“Whilst we might have led the way in terms of female representation, it is vital we keep that up,” the prime minister said this week. “That is why I am committing to the biggest drive of female member, activist and candidate recruitment, and why it is my ambition that half of Conservative candidates on our list for future parliamentary elections are women.”
Johnson added: “I have often said that talent and brilliance is equally distributed, but opportunity is not. I will make sure that women are supported to take up the opportunities that politics presents.”
There is no doubt that this all sounds positive, at least on the surface. Unfortunately for Johnson, however, his attempts to woo the female electorate have been somewhat overshadowed by that outrageous 1995 column – which has, helpfully, been brought to light by those who oppose the Tories, presumably as a way of discrediting the PM.
Speaking about the article, shadow attorney general Shami Chakrabarti said: “These unearthed comments further reveal Boris Johnson’s contempt for women and families, as he hypocritically attacks what he appallingly describes as ‘illegitimate’ children.
“From attacking single mothers working hard to raise their kids, to advocating sexual harassment in the workplace, his sexist comments are an affront to women everywhere. He has no right to attend or have any involvement in this event.”
Damningly, Chakrabarti added: “Someone whose attitudes towards women are straight out of the Dark Ages is not fit to be prime minister of our country.”
As previously noted, The Handmaid’s Tale came out in 1985 – a decade before Johnson penned this outrageous piece. Likewise, the UK signed the Convention on the Elimination of All Forms of Discrimination against Women in 1981 and ratified it in 1986. The real-life Erin Brockovich – a single mum herself – built a brilliant case against the Pacific Gas and Electric Company (PG&E) of California in 1993. And a landmark court judgement in 1991 changed the law on marital rape forever when the House of Lords ruled that “it cannot seriously be maintained that by marriage a wife submits herself irrevocably to sexual intercourse in all circumstances”.
Essentially, in 1995, the UK was not the sexist cesspit that people defending Johnson seem to think it was. But even – and it’s a big even – if we ignore this, this 1995 column serves as a timely reminder that Johnson’s comments about women didn’t start when he entered the world of politics. Because, for all those claiming that Johnson has changed since then, and that the world is a “very different place” now, I have a question: have you so easily forgotten all of the other disparaging remarks our PM has made about women?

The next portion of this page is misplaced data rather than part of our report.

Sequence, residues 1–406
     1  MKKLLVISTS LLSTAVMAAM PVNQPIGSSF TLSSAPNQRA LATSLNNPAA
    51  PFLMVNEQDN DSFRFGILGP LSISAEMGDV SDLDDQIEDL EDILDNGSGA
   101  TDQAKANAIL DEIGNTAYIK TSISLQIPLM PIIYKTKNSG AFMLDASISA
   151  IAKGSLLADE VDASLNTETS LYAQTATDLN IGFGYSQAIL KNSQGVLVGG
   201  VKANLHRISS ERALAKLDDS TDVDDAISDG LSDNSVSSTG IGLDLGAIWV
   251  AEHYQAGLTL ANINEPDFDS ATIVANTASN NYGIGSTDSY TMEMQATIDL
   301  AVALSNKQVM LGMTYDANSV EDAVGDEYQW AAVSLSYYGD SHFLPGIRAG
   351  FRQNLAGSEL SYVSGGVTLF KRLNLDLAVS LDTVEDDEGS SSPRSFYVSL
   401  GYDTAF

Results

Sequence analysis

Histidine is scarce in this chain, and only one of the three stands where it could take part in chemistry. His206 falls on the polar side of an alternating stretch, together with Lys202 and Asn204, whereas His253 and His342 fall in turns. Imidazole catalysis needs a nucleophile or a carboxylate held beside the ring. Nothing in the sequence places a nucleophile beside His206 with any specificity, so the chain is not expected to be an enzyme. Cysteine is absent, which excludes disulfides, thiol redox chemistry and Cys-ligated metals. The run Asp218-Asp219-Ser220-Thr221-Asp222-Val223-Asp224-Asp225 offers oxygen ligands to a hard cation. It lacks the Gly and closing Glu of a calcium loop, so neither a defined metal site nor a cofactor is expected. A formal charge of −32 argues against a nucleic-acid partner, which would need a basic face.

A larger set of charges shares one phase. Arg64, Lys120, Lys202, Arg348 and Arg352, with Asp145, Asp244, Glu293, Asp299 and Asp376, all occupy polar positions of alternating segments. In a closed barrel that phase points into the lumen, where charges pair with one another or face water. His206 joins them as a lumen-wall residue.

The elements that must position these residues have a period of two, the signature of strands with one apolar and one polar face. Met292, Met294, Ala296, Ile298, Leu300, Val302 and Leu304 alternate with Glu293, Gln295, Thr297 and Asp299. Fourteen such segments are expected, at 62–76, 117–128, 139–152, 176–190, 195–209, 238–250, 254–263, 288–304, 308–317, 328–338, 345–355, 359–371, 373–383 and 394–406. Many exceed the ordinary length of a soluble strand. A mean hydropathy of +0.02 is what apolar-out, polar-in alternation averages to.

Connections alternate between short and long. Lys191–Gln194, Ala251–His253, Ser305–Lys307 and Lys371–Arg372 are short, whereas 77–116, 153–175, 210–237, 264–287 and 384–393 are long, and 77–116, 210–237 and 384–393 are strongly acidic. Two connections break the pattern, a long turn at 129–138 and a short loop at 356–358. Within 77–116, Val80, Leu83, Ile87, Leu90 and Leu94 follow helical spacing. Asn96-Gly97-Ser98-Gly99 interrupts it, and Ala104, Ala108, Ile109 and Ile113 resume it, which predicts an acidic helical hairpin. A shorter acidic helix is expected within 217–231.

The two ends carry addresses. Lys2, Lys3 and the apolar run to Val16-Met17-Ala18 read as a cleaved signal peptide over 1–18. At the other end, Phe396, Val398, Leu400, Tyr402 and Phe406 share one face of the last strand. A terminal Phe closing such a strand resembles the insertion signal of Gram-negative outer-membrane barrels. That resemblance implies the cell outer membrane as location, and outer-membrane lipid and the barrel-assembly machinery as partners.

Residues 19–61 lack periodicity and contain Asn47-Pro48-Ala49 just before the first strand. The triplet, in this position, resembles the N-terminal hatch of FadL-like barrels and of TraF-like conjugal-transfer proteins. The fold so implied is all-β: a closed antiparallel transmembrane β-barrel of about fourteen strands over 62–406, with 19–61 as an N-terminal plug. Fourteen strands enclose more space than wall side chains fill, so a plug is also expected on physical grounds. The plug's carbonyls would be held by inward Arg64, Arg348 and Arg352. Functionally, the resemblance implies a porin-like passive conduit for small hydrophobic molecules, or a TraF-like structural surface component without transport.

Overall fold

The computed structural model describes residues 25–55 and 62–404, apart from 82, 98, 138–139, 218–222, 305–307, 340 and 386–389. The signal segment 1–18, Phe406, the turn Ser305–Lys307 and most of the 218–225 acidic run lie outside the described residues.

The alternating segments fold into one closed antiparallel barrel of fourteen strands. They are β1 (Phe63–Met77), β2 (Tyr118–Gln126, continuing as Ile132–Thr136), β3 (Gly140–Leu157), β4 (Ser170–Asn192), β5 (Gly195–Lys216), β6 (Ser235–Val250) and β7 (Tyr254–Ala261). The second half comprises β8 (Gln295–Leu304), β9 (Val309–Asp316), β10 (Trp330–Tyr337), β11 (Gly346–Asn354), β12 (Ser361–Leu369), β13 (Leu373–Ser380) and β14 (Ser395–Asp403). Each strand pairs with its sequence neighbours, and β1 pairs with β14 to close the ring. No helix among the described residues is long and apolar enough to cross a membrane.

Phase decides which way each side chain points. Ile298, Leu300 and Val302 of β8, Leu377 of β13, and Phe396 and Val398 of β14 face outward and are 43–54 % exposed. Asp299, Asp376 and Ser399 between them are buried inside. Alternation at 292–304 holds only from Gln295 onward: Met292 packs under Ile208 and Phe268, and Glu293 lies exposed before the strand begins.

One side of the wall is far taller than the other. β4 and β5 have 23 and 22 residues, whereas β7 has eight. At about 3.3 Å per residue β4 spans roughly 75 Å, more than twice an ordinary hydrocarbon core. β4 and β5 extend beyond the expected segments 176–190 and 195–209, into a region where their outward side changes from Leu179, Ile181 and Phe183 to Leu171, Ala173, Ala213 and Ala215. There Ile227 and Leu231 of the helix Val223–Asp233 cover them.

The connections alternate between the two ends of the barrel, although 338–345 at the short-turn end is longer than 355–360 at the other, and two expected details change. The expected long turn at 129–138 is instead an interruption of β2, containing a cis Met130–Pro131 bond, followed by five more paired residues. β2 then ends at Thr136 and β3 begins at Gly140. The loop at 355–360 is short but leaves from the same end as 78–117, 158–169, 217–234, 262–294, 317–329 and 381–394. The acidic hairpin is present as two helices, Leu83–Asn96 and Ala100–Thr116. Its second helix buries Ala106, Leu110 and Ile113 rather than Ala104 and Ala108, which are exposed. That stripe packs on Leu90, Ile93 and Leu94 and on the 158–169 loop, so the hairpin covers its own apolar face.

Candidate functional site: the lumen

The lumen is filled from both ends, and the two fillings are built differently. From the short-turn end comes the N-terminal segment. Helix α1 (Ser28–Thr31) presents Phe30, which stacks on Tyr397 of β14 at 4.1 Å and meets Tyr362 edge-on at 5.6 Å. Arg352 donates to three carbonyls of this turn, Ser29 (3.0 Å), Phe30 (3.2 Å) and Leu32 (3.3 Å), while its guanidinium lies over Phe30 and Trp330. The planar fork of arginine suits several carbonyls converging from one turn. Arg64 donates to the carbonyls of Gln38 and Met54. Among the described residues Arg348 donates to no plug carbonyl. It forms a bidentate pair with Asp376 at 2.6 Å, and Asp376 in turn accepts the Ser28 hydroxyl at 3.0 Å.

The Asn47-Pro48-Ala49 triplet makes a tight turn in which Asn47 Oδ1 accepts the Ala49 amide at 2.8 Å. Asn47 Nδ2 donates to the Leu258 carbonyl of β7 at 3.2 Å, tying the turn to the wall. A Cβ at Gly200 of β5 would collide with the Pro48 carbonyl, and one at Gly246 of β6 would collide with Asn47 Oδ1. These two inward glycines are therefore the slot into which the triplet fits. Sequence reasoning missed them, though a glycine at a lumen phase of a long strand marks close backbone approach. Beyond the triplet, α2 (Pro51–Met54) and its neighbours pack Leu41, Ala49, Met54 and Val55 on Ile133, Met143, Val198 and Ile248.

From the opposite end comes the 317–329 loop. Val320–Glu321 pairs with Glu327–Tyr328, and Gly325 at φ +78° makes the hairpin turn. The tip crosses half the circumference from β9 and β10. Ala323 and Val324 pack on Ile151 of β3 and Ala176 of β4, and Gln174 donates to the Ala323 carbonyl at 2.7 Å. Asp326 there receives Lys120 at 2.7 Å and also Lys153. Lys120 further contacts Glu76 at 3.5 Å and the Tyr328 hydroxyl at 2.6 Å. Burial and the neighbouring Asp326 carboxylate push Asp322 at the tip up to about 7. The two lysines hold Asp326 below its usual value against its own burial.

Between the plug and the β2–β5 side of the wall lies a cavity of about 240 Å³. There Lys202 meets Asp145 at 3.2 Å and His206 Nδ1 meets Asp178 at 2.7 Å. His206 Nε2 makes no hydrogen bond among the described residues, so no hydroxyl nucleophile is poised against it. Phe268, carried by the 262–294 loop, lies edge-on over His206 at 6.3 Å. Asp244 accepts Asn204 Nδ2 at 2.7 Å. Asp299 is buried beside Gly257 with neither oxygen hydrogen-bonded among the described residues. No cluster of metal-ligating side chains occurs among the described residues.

For those with selective amnesia, let me jog your memory with a few choice soundbites. There was that moment in the 2005 election, when Johnson insisted that “voting Tory will cause your wife to have bigger breasts”. Just a few years later, at the 2012 Olympics, he somehow felt it appropriate to describe professional female volleyball players as being “semi-naked” and “glistening like wet otters”. And, when launching the World Islamic Economic Forum at London’s City Hall in 2013, the then-mayor insisted that the role of women in Islamic societies is “to find men to marry”. Which, you have to admit, sounds overwhelmingly similar to the sentiment expressed in that 1995 article, doesn’t it?
Just a few more examples of Johnson’s views of women, if I may. Three years ago, he compared presidential candidate Hillary Clinton to a “sadistic nurse in a mental hospital”. In 2018, just months before he was named prime minister of the UK, he insisted it was “absolutely ridiculous” that Muslim women “choose to go around looking like letterboxes”. And, as an MP, Johnson has always abstained from Westminster votes on abortion, including those related to Northern Ireland where abortion was only decriminalised last month.
In short, Johnson’s name has become synonymous with sexism and chauvinism. He, and only he, is to blame for that fact. And, sure, some people make mistakes. Sure, the internet has made it all too easy for us to screenshot every single mistake a person has made. Sure, the world has changed since 1995. And, sure, these comments were dug out by those who want to see Johnson unseated as PM in the upcoming general election.
But will I ever agree with a prime minister who speaks about women like they’re chattel at best, dumb docile cow-like creatures at worst? Absolutely not.